Wikipedia:Myth versus fiction

From Wikipedia, the free encyclopedia
Odysseus is best chronicled in the epic, if seemingly fictional, Iliad. But the Greeks and Romans very much believed him to be a real person, and created an extensive mythology around him. His article describes the Iliad as fictional, but otherwise regards him as mythical.

People can throw words around casually and imprecisely, but when writing encyclopedia articles, we should strive for accuracy and recognize the clear distinctions between related concepts.

Fiction is written by authors who are well aware that they are creating a work that does not purport to be the truth. The recipients of fictional works are for the most part well aware that the work is fictional, but they like fiction because it is entertaining, and potentially also inspiring and illuminating.

Myth, on the other hand, is usually of uncertain origin and authorship, and in many cases, seems to have developed in layers over long periods of time. In many cases it was and is spread by people who sincerely believe the myth to be true.

Almost no sane person believes that the works of William Shakespeare or Mary Shelley or Charles Dickens or Ernest Hemingway or Agatha Christie or Robert A. Heinlein are factual accounts. However many millions of people might believe that the myths of their culture or religion are true, including cases which have been scientifically debunked such as the Noah's Ark myth. Calling the story "fictional" implies that one or a few people thousands of years ago deliberately created a false story, whereas it is possible that the people who originally set the ancient myth to writing genuinely believed that it is the truth, as they understood truth. It is also possible that the myth was originally created as a fiction for the purpose of education or illustrating a point, or that it was created originally as a deliberate lie for ulterior purposes, and today it is not always possible to determine the motives of the original authors, whomever they may have been.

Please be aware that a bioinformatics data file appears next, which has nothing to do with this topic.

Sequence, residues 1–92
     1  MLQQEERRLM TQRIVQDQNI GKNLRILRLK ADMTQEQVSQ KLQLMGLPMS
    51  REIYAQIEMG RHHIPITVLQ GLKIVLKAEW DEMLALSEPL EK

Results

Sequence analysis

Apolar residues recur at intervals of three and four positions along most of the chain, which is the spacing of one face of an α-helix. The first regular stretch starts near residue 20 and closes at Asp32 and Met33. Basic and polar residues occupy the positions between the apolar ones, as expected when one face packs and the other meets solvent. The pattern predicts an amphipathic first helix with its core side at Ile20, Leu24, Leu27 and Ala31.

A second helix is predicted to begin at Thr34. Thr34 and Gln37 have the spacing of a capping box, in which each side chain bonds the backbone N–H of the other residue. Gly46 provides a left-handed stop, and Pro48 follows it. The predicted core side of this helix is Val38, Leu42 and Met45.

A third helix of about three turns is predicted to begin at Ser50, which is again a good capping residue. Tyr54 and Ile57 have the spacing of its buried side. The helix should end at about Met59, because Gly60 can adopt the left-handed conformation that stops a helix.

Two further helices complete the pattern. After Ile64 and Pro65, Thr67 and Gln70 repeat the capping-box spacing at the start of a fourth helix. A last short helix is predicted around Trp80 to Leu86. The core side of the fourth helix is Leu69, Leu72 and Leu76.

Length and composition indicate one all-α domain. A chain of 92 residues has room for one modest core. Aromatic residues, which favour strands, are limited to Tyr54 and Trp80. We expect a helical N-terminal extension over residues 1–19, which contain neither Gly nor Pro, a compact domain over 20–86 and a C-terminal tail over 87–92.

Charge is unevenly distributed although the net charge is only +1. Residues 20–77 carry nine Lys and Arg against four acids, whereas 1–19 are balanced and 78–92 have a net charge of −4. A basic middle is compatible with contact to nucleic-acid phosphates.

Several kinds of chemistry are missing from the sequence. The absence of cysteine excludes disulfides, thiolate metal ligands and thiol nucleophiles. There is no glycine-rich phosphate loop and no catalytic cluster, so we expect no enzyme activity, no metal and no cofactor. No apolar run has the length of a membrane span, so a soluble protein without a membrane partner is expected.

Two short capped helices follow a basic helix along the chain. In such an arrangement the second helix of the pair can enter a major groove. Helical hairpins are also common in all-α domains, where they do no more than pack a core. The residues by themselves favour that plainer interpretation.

Our own article on myth defines it as "a folklore genre consisting of narratives that play a fundamental role in a society, such as foundational tales or origin myths."

Myth implies a story with a grain of truth that has grown long in the telling. Its authors may well have considered the myth to be true, or the myth might even be true, but that can no longer be proven.

The article on Jesus, a potentially obvious candidate for the words "myth" or "fiction", generally refrains from using either, except in the context of the Christ Myth Theory.

There are places where the use of myth may seem obvious, but would in fact be inappropriate. Take for example Jesus. While the skeptical reader might find the stories of his miracles to be nothing more than myth, historians generally agree that Jesus was a real person. Thus, his article describes him as a real person, whilst recognizing the Christ myth theory. The article gets around the historicity problem by splitting into two main parts: the account of Jesus as provided in the Gospels, and the perspective of historians. Rather than describing the Gospels as fictional, the historical section instead challenges their reliability.

But not all Biblical stories are alike. While the story of Jesus is not generally characterized as mythical, a story like Noah's Ark has a more tenuous basis in truth. While there are theories about a localized Black Sea deluge, the global geological record makes it clear that there was no globe spanning flood. The Ark, as Biblically described, has been scientifically debunked. But that is not to say that the Ark is fictional. The authors of the story likely believed it to be true. It forms part of the origin story of a major religion. It may have taken its grain of truth from real events, such as a catastrophic local flood. Fiction implies that the author knew they were writing a falsehood. Perhaps the author of the Ark myth did intend it as a fiction. But the author's intent is now unknowable, and the cultural context around the Ark story means that it is properly classified as a myth, not a fiction.